Russia’s First Moon Mission In Decades Ends In Failure

Russia’s first Moon mission since 1976 ends in failure as spacecraft spins out of control and crashes into lunar surface

Russia’s first lunar mission since 1976 has ended in failure after the lander spun out of control and crashed into the Moon while preparing to enter orbit.

The country’s space organisation Roscosmos said it had lost contact with the Luna-25 spacecraft at 11:57 GMT on Saturday ahead of a planned soft landing on Monday.

“The measures taken on 19 and 20 August to search for the device and get into contact with it did not yield any results,” the agency said in a statement.

It said its “preliminary analysis” was that Luna-25 had “switched to an off-design orbit” and then crashed.

Soyuz rocket launch at Baikonur Cosmodrome, November 2013. Image credit: NASA
Soyuz rocket launch at Baikonur Cosmodrome, November 2013. Image credit: NASA

‘Unpredictable orbit’

“The apparatus moved into an unpredictable orbit and ceased to exist as a result of a collision with the surface of the Moon,” Roscosmos said.

It said a specially formed commission would investigate the incident.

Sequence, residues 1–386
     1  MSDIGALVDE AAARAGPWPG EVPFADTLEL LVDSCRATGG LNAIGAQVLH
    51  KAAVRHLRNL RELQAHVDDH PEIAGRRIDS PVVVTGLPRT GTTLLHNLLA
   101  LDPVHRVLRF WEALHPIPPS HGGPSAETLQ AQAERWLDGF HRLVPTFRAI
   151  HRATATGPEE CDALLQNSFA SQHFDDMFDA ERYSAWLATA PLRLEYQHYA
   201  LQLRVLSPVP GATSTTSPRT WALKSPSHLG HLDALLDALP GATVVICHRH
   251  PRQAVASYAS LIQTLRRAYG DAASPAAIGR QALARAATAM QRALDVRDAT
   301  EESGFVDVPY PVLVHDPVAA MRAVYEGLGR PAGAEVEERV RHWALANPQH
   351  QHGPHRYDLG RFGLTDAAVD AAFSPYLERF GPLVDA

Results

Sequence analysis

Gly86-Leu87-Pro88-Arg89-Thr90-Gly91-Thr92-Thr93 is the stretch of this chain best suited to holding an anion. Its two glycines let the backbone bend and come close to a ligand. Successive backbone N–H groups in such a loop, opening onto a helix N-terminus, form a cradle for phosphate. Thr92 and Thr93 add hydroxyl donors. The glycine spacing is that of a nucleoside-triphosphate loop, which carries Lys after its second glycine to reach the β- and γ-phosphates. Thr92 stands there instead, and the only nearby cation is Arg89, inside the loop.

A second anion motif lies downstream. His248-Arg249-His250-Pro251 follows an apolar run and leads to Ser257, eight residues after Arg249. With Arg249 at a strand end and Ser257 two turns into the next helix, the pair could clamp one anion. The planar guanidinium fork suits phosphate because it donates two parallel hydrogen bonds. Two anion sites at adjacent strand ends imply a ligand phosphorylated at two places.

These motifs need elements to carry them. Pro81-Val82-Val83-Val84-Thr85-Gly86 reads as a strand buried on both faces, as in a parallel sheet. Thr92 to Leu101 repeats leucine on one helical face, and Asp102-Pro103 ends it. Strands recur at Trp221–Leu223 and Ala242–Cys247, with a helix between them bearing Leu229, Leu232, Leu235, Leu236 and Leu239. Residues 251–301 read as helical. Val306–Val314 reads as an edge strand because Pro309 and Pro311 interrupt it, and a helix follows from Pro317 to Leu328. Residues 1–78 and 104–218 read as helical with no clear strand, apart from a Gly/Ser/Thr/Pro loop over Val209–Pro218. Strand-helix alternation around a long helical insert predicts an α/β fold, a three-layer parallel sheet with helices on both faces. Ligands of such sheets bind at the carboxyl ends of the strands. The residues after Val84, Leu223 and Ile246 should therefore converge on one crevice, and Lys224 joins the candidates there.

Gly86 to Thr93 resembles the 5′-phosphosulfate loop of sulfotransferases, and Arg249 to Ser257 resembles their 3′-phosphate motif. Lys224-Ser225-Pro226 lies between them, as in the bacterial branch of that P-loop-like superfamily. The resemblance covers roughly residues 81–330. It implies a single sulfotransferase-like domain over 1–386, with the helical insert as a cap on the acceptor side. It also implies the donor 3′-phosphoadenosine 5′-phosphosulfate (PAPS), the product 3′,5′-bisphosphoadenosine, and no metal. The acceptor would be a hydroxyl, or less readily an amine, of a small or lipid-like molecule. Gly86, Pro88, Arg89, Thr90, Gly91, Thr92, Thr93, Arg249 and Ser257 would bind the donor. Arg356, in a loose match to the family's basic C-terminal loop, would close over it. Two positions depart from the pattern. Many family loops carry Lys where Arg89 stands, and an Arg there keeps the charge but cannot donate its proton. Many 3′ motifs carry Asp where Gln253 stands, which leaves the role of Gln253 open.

Roscosmos had said in an earlier statement on Telegram that an “emergency situation” had prevented Luna-25 from entering orbit “with the specified parameters”.

Russia’s previous lander, Luna-24, landed on the Moon’s surface on 18 August, 1976.

Luna-25 Roscosmos Image credit Roscosmos 02 Russia
Image credit: Roscosmos

Space race

The latest probe launched on 10 August and swiftly overtook India’s Chandrayaan-3 lander, which like Luna-25 is also intended to land on the Moon’s south pole, a possible source of water for future missions.

Chandrayaan-3 is planned to touch down on 23 August and to carry out experiments for two weeks.

The Moon’s south pole presents rugged terrain that is more challenging for a lander than the equator, where most missions have touched down to date.

But the area could contain ice that could prove valuable as a source of fuel or drinking water. Luna-25 had been intended to use a scoop to test for frozen water to a depth of 6 inches.

Troubled history

The mission was originally planned for October 2021, but was delayed nearly two years.

The ESA had originally planned to attach its Pilot-D camera to the lander, but ended its collaboration with Roscosmos following Russia’s invasion of Ukraine last February.

Russia was a pioneer in space exploration in the Soviet era but the failed mission is a sign of how it currently lags in the space race amidst intense competition from countries including China, Japan and the United States.